Baptized and Sent

How come we have so many baptized beliebers but not many people living their faith? How come we have a lot of people saying the Church needs to this or that but not many are willing to give themselves for the betterment of the universal and local Church?

There are many factors that we can consider, and we can get into the technical details of where and how things have failed and ways to improve, but I honest do not think that it will help much! Perhaps the shortest answer will be, which I genuinely believe, that we are lacking people who are willing to live their baptismal vocation. In other words, we have many chieftains and commentators but not enough workers and laborers in the Lord’s vineyards. We have plenty of people who like to talk game plans and point fingers at failures, but at the end of the day, they are simply couch-surfers or armchair philosophers with much talk but not willing to lift their fingers toward actions!

Why is the Church dying in some places? While the detailed answer could be a little bit complicated but the obvious answer concluded from numerous data points shows the lack of commitment, stewardship, and discipleship. On the one hand, we have seen many big, beautiful churches built by people of faith from generations past that are now empty in big cities across the United States of America and Europe because the locals are too busy with living their own lives. On the other hand, we have seen places where the Church is booming, even when her faithful is filled with many trials, sufferings, and persecutions, because these people choose to be proactive and committed to their faith. Unlike their more comfort-minded brethren, they do not wait, complain, point fingers, or sit back until they get their ways. They take active parts in being the Church! In a similar wordings to what the late President John F. Kennedy once said, I would like to say: “Don’t ask what they Church can do for you, ask what you can do for the Church!”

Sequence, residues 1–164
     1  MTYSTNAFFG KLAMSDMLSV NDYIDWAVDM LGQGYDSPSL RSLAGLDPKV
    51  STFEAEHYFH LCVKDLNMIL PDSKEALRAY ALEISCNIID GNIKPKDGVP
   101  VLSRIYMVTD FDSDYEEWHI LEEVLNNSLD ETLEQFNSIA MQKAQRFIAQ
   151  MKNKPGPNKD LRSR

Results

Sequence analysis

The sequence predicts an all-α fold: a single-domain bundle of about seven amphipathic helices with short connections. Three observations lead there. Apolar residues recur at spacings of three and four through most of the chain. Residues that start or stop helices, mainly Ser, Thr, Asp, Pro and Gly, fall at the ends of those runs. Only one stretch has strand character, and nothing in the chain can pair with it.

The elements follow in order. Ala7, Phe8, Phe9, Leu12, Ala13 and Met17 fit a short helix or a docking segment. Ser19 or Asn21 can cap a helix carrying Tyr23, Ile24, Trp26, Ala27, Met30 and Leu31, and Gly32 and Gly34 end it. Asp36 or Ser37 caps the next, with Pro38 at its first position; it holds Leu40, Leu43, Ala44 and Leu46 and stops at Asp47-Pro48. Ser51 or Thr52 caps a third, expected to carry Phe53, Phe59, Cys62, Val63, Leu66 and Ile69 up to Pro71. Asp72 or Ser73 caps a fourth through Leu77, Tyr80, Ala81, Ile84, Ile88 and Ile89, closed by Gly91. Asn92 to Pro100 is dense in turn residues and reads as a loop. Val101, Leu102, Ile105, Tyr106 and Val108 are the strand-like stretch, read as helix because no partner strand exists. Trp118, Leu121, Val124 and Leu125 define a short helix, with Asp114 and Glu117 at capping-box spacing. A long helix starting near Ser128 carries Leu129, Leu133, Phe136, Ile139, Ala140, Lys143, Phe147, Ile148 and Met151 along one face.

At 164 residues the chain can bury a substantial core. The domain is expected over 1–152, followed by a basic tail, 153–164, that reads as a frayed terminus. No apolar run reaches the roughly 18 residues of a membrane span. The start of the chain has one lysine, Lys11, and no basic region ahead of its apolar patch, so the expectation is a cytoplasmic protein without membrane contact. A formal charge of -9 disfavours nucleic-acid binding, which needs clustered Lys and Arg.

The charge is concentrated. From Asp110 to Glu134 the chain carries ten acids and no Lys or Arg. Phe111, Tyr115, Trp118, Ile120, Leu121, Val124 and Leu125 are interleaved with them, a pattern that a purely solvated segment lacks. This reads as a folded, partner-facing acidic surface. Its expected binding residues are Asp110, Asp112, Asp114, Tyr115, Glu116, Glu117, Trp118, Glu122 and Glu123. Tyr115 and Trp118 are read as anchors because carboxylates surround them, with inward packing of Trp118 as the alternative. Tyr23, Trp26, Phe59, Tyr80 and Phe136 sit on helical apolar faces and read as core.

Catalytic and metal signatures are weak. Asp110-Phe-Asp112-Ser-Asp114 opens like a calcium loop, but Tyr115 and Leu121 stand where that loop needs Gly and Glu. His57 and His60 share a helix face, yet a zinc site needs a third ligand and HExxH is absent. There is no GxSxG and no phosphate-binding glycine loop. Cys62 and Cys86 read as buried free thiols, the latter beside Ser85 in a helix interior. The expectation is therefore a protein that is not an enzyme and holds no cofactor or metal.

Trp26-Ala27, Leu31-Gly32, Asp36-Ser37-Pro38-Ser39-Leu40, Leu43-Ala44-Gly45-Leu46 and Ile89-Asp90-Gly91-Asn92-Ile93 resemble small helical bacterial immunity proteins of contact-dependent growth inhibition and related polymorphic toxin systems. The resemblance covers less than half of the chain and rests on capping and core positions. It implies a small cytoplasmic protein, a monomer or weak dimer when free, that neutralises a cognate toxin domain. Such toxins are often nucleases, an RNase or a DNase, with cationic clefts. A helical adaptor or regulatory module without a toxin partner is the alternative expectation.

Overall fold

In this day and age, it is very easy to find appealing, inspirational, and clickbait style of Christianity that gives us positive satisfaction for a short while but never challenged us to be true disciples. They have no problem of making quick money, selling their books or media, but really never challenged anyone to become real followers of Christ. Hence, due to this consumeristic style of Christianity, we have more people who say that they are believers but they do not know why they believe, because they bought into thinking God is simply the inspiration or model to admire and motivate one’s self; nonetheless, there is never a real giving of one’s self to follow Him. At the end of the day, God remains out there but never really affected us.